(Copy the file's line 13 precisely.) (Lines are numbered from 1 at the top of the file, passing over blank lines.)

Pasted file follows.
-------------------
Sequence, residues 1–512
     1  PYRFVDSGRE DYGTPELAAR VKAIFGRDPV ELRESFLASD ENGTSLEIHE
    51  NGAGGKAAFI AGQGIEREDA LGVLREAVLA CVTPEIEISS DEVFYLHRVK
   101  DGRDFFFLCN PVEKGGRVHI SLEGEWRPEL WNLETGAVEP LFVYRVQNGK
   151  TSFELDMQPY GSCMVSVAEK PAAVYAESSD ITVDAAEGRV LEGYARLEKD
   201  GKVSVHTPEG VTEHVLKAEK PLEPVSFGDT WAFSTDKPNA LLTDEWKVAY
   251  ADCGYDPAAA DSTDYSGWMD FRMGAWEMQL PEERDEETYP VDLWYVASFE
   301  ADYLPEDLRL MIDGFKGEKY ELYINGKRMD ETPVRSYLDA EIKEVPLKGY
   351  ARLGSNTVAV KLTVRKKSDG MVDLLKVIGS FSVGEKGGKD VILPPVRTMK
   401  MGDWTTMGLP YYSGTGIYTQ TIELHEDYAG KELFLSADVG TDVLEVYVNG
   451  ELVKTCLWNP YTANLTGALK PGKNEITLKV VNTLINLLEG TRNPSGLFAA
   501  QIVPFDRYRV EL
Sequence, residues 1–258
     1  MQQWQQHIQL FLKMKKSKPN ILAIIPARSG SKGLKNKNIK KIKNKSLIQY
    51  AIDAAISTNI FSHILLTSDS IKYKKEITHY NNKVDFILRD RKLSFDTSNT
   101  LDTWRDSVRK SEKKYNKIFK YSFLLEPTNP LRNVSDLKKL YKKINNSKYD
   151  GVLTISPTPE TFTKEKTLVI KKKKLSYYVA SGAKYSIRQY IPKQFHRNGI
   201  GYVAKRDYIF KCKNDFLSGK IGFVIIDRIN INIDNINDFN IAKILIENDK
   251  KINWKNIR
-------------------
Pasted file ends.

Sequence, residues 1–258